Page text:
hand in water' The Veins of Life
Watershed Society

Email: volws@salishsea.ca

The Veins of Life Watershed society, in association with the Saanich Parks Department, undertook the eradication of Gorse from the Gorge Park.  The Veins of Life worked from August to October 2000, removing all Gorse from the park, most notably along the banks of the Gorge where the plant was most extensive.  Gorse is an extremely tough, spiked bush, rivalling blackberry bushes in its ability to injure would-be attackers. 


Gorse is an exotic, invasive species also known as Furze.  It is a thorny shrub growing up to eight feet tall and is found on heaths, in moors and pastures, and upon open woodlands, blooming with a bright yellow flower in spring through to early autumn.  Gorse is native to the Mediterranean and is a serious weed in Australia, New Zealand, and both the east and west coasts of North America.  It is and extremely strong competitor in well-drained areas where the soil has been disturbed.  Furthermore, due to the fact that it is not a species native to Vancouver Island, it easily out-competes local plants, reducing their habitat.

  • Loppers, Tarps
  • Pole Saws (pictured, left), hand saws
  • Large and Small Root Pullers
  • Protective Equipment - punture-proof gloves, coveralls, safety glasses, steel-toed boots, first-aid kit

 The Gorge Park Gorse eradication project involved a four-stage process.  Gorse was cut down by hand, collected, hauled out, and the roots were pulled. 

The shrubs were cut at the base of the plant leaving enough of the stem exposed to facilitate later root removal.  The gorse cutting were loaded onto tarps and collected at a central point.  Tarps were used in order to reduce the potential for seed dispersal.  Gorse seeds can lay dormant for up to thirty years; thus, it was essential to prevent the seeds from scattering. 

In areas upon the banks of the Gorge, root structures were not removed because doing so would decrease the stabilization of the banks.  Once all of the gorse cuttings had been collected, Saanich parks removed and disposed of the foul weed.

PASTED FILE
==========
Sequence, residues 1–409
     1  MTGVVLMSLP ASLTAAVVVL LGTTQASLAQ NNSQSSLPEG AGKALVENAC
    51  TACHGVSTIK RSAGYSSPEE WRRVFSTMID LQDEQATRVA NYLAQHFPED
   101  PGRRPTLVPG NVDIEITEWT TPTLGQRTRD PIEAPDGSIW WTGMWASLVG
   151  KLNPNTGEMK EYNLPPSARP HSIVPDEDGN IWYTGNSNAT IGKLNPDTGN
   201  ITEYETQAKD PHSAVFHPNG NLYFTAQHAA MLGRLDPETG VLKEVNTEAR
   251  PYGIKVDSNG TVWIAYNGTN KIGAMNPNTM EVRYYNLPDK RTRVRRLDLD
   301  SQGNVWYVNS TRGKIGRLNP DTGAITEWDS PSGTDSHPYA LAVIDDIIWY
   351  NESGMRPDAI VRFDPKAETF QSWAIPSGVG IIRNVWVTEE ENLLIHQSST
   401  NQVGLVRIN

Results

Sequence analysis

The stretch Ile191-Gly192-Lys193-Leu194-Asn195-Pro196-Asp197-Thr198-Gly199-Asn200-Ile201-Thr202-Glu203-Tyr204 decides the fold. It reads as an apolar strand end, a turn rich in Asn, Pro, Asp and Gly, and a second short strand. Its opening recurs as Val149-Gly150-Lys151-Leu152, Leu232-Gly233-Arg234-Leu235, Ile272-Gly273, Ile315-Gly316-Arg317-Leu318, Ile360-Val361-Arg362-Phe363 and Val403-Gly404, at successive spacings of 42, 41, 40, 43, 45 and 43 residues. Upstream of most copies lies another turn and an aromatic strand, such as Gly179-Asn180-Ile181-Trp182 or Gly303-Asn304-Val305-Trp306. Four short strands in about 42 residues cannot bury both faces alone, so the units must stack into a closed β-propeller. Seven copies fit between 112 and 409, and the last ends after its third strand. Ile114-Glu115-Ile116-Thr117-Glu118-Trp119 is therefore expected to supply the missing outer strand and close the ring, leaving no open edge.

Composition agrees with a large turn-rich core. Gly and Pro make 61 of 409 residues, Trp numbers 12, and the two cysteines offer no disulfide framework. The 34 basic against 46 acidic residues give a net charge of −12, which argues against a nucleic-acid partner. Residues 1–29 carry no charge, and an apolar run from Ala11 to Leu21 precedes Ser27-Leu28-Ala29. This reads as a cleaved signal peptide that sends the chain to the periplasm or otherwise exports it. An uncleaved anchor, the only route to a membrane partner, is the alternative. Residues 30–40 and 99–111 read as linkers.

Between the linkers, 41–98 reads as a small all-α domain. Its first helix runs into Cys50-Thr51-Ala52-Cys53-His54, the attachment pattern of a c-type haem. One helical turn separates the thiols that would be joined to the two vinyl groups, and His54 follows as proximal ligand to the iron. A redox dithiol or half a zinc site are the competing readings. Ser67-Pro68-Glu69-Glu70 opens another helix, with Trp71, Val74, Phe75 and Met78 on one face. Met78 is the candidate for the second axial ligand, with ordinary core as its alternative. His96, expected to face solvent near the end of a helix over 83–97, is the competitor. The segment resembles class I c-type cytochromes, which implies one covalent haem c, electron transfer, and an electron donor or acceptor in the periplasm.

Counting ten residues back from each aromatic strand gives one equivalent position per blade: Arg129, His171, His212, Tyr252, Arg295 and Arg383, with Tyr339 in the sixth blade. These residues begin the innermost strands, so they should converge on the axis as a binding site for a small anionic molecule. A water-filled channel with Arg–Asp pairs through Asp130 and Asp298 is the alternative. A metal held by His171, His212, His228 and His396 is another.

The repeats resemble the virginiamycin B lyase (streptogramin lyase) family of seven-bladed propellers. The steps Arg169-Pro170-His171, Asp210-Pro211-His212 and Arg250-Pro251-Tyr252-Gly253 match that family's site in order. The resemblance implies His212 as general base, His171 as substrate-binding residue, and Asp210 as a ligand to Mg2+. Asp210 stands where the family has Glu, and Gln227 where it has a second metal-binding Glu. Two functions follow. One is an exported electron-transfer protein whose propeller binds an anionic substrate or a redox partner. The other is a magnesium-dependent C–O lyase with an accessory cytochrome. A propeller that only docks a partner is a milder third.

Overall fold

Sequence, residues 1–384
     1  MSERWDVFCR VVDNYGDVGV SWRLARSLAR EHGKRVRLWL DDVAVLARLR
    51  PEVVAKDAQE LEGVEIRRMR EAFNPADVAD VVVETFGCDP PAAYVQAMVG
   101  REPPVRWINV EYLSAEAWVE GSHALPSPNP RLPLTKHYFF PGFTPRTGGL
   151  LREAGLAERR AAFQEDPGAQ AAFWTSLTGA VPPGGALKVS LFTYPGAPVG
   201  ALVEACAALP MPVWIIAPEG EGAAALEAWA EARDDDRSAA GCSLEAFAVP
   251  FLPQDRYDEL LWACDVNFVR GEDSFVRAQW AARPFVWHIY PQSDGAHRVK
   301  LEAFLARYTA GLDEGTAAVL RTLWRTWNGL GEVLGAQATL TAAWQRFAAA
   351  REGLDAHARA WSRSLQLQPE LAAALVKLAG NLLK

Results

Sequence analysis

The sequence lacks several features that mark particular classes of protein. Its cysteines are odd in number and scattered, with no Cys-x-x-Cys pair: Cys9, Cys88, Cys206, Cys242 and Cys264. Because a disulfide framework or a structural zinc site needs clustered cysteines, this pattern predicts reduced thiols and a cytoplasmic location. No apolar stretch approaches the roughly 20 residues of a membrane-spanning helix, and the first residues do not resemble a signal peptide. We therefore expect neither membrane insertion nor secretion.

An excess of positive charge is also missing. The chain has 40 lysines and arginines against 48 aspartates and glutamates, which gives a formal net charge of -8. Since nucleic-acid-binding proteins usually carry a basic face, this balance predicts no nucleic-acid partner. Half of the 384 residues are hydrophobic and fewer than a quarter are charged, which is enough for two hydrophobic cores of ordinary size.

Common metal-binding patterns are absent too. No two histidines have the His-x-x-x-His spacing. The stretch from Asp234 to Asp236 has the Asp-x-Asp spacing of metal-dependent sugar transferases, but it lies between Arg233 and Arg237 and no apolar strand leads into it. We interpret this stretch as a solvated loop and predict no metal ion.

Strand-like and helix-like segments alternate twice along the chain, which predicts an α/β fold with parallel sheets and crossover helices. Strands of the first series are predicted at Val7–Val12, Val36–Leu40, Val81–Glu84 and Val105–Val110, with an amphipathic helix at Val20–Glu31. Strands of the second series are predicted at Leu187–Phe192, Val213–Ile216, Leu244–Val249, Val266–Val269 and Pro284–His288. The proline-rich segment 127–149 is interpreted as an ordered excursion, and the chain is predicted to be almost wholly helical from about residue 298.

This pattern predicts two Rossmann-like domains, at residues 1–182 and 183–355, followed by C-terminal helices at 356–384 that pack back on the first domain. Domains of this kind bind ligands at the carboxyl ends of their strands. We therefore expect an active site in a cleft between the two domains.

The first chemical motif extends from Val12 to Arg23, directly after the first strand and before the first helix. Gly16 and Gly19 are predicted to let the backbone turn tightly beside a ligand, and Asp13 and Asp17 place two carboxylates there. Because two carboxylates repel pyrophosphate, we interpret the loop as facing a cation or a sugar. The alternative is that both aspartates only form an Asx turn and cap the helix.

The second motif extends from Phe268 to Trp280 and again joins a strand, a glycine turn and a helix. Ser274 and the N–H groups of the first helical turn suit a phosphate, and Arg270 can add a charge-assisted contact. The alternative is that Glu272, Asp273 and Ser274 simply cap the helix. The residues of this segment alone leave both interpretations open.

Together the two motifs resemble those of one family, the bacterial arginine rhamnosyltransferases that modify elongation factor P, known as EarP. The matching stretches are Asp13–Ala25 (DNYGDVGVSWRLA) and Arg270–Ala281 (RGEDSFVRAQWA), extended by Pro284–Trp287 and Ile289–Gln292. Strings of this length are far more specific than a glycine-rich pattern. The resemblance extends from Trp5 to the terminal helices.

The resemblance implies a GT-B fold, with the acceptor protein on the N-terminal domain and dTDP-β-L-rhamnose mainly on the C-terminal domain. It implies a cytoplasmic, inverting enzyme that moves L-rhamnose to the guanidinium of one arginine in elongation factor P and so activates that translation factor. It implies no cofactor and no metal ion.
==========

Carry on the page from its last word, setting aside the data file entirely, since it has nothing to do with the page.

(From Left to Right) John and Kali remove Gorse using pole saws and root pullers, remove the biomass on a tarp to ensure the seeds do not spread, and finally dispose of the plant material on manicured grass to await pickup.
Results and Accomplishments

Phase II of the program involved the planting of new native species in the areas lef vacant by the expanses of Gorse.  Landscape fabric and leaf mulch were used as deterants for sprouts from missed roots or new growth.  Over 50 new native shrubs and trees were planted in the vacated areas.  This included Shore pine, Snowberry, Ocean Spray, Douglas fir, Dull Oregon grape, and alder.

Monitoring 6 monts after the planting show that this method has been successful ths far.  The plants appear to be healthy and there are limited numbers of shoots appearing through the landscape fabric. 


 It was found that personal protective equipment, especially puncture-proof gloves, was absolutely essential in dealing with Gorse.  Also, pole saws were extremely advantageous for reaching stands of gorse upon steep banks.  Furthermore, it should be noted that cutting down the Gorse is only the first-step in eradication.  Follow-up treatments are essential to prevent re-growth.  The Veins of Life Watershed Society is working with Saanich Parks to control re-growth by mulching the area now cleared of Gorse.  Planting of native species is then the next step, and a continued maintenance program that checks the regrowth of Gorse and the potential growth of other pioneer species such as Himalayan blackberry or Scotch broom do not take advantage of the open space.

Gorse biomass collects quickly along Gorge Park.The process of its eradication in the park requires commitment over years to ensure that it will not return. 

  Email: volws@salishsea.ca

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